Only in a Web series would inebriation and The Legend of Zelda be a match made in heaven. But ever since a gas-station attendant woke up hungover inside the classic Nintendo game nearly two years ago, The Legend of Neil has been one of Atom.com's most successful franchises.
The campy live-action series, now in its third and final season, highlights Atom's evolution over the past decade from user-generated indie film shorts to professionally produced comedy series. In 2006, MTV Networks acquired Atom for $200 million, to serve in part as an idea incubator for its cable nets. Recent hit series 5-On, for example, became Comedy Central's Ugly Americans, and Atom has its own popular (for 2:30 a.m.) weekly showcase on the channel. "One of the things that [creators] are hoping to do is catch the networks' eye," says Scott Roesch, Atom's general manager.
Atom stockpiles the best of its year-round slate for the fourth quarter, much like a TV network. Yet it retains a Web flavor by sharing ad revenue with its creators and partnering with them in hybrid Web-TV deals. For example, Atom is working with Waverly Films, the trio behind its former Web series Stickman Exodus (stick figures in a kid's notebook go on a freedom quest) to create a series called The Fuzz, a cop show set in a city where humans and puppets coexist. Roesch explains, "We pooled some budget and had them do a Web series instead of going through normal TV development." The Fuzz is expected to air on Atom later this year.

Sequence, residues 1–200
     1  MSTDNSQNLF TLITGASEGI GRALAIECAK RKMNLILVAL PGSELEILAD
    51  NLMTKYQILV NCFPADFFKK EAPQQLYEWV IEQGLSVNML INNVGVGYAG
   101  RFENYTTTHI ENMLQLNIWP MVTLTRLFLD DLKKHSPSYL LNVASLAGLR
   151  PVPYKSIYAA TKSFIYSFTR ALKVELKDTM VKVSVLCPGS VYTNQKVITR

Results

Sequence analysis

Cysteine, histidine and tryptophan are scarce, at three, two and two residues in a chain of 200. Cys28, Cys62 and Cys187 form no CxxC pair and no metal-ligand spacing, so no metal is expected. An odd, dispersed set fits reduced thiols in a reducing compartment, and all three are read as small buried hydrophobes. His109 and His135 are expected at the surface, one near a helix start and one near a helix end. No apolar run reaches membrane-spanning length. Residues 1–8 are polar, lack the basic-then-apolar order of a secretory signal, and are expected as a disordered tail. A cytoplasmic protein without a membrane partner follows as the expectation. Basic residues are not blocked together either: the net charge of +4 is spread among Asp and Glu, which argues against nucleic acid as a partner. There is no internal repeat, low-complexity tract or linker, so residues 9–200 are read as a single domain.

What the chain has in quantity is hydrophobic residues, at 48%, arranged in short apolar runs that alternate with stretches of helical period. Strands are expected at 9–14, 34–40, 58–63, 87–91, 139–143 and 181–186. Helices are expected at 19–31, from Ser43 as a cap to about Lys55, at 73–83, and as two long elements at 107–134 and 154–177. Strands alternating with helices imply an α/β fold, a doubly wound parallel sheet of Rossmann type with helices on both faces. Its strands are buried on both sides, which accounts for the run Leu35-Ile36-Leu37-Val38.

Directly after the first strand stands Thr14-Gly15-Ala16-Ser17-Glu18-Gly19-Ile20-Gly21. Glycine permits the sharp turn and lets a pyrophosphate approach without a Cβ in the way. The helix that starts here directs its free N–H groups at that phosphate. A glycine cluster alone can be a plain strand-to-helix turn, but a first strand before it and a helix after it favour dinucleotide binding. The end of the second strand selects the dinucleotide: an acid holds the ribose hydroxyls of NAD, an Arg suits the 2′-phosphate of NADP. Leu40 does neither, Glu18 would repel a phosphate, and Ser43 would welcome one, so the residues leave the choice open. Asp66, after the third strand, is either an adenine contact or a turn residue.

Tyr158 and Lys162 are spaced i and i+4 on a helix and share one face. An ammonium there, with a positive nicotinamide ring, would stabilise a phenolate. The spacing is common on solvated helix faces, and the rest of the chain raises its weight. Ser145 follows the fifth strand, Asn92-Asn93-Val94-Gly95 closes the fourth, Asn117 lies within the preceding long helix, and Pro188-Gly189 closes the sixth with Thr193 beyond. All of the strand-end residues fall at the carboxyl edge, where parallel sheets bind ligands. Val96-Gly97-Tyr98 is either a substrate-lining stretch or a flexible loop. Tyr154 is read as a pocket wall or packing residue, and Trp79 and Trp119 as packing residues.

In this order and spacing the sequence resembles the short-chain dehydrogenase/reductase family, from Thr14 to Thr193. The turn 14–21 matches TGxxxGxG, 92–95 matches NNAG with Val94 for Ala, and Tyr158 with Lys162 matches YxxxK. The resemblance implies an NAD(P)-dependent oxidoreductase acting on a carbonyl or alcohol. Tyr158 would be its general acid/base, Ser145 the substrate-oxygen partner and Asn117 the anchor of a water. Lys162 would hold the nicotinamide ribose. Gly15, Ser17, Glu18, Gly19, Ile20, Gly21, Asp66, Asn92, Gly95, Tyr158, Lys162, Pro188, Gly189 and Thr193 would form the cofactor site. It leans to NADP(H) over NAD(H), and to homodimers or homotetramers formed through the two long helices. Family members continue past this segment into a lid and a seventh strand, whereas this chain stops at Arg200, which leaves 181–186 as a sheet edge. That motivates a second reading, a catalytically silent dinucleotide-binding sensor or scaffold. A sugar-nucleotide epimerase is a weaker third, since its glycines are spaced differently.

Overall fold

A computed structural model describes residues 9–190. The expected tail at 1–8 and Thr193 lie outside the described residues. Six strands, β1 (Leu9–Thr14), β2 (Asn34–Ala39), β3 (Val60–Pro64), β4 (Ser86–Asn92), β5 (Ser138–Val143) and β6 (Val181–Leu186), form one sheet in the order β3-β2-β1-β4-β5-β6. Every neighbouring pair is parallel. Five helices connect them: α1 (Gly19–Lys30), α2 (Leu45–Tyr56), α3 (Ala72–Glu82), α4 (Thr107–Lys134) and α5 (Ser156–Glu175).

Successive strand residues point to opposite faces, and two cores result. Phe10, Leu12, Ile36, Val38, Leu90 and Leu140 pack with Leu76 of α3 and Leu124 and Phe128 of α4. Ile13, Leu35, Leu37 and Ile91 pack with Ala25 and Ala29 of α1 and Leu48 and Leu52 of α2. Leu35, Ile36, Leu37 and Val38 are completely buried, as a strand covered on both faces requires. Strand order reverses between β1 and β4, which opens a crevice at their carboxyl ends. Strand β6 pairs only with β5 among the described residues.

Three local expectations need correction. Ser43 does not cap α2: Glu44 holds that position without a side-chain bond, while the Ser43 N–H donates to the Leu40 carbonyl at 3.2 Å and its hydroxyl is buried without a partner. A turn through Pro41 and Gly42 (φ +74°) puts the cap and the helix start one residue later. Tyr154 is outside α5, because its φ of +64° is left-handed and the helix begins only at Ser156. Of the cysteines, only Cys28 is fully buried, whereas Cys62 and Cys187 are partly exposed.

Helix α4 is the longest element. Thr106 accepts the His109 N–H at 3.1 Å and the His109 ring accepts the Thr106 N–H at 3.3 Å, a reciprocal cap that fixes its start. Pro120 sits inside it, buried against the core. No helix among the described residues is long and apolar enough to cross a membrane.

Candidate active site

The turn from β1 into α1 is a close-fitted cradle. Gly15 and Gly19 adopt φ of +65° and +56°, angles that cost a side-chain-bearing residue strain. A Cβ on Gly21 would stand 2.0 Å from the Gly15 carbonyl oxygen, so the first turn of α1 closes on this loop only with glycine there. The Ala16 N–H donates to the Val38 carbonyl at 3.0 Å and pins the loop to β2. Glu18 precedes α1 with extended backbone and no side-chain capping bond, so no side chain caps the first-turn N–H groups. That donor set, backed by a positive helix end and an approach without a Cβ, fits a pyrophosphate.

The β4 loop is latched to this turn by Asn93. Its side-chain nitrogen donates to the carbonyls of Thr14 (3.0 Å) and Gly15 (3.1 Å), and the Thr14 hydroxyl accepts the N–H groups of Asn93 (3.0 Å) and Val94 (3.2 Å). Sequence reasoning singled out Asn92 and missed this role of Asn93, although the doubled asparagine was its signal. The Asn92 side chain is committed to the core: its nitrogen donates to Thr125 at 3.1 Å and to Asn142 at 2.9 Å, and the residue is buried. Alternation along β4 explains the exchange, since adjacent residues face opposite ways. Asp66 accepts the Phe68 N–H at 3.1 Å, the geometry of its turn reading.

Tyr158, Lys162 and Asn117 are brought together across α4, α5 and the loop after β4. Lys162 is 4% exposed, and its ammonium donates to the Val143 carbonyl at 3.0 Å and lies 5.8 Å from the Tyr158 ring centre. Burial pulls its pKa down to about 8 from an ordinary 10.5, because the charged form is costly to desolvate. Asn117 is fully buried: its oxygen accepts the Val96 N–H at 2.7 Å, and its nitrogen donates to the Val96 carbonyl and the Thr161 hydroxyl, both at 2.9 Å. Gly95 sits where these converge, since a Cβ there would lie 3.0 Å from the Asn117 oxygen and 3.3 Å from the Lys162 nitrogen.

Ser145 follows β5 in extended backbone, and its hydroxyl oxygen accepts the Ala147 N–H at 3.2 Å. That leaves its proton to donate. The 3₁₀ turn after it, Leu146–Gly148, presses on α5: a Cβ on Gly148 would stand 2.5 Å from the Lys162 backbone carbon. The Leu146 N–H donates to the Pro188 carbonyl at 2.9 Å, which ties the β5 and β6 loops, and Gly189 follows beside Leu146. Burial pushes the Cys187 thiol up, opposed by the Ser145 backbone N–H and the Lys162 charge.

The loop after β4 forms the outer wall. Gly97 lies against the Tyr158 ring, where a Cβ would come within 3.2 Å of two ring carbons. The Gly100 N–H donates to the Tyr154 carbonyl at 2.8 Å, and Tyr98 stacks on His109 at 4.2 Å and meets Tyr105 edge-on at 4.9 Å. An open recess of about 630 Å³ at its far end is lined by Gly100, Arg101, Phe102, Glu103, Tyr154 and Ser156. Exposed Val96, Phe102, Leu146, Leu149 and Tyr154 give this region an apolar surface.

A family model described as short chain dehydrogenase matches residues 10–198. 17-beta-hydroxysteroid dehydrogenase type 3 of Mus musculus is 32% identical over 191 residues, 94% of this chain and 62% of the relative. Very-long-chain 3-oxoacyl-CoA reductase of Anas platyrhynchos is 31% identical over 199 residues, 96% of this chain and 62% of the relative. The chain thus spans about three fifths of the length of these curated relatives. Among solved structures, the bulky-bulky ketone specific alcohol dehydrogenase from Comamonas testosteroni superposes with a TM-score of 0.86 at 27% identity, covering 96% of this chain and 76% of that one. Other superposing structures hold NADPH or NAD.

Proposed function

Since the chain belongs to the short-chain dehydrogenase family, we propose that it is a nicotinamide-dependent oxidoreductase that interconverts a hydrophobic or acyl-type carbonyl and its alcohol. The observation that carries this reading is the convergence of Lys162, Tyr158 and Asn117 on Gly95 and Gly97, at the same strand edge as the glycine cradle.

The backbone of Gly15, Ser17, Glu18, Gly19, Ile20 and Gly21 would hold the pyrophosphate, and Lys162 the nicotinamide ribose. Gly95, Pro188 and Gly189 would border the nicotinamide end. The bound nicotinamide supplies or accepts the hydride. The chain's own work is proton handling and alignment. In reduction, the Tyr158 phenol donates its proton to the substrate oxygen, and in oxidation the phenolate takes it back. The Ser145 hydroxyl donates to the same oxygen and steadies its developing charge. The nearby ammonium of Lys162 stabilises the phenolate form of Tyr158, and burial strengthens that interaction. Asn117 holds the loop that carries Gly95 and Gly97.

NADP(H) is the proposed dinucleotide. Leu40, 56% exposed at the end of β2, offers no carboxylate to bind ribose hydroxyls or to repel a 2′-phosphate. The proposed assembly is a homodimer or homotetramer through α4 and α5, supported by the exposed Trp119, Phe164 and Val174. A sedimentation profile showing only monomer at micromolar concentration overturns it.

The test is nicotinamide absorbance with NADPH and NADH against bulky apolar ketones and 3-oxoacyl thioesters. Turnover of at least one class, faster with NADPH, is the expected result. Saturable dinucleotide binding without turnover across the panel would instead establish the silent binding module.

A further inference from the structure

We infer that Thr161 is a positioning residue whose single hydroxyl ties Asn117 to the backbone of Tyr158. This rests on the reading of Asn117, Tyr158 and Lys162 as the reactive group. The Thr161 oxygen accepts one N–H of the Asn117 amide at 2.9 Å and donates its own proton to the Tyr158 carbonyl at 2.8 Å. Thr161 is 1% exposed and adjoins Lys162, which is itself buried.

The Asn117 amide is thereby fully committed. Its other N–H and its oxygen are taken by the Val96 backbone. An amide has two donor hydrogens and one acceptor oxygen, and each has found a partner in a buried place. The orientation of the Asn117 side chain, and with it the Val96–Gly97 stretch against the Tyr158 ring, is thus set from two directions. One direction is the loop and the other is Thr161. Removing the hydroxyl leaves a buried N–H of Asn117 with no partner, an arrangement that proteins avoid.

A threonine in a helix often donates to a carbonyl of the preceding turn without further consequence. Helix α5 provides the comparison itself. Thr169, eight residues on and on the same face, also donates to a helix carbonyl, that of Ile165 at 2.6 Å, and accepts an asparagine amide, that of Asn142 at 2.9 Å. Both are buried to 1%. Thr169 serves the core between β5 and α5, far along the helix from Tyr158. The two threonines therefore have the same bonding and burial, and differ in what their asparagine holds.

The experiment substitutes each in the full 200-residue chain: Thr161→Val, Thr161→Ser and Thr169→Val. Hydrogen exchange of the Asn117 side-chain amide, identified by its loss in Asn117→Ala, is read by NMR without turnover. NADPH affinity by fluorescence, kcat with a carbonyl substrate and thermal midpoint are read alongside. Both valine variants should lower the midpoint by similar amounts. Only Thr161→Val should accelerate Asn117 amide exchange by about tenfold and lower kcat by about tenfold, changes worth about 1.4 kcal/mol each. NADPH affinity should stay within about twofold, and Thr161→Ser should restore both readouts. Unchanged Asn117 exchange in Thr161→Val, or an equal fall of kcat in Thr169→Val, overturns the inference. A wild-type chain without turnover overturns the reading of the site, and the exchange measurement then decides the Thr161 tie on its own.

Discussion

Viewership is up to about 3 million visitors a month, with users watching nearly three times as much as last year. At least 80% of the site's 10,000 videos have been posted by users, many hoping for a shot at the big-time, or at least a distribution deal à la director Jason Reitman (Juno, Up in the Air) who, after film school, licensed some early shorts to Atom. So go ahead: Raid your Sega stash and shoot for the stars.
3 to Watch
Munchie the Agent
In each episode, Munchie, an animatronic cat and the "world's worst Hollywood agent," takes a meeting with a client such as Tom Arnold, Eric Roberts, or Ray Liotta. The problem? Munchie doesn't remember who they are and suggests inappropriate projects.
Dan Levy's Laugh Track Mashups
Comedian Dan Levy reimagines '80s and '90s sitcoms — mixing, say, The Fresh Prince of Bel-Air with Mr. Belvedere — with the help of talent from some of the era's original shows.
Rahzel's Rap Minute
Rahzel, the legendary beat boxer from the Roots, skewers recent music news with parodies — and yes, a little beat-boxing.
Coming up next ... Animator vs. Animation 3, where the animator does battle with Flash (early fall) ... A horror spoof starring Tommy Wiseau, the guy who directed The Room, renowned as the worst movie ever made (October) ... Old People Tech Reviews, which is, indeed, 85-year-old anchors critiquing the holiday season's must-have gadgets (November)
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A version of this article appeared in the September 2010 issue of Fast Company magazine.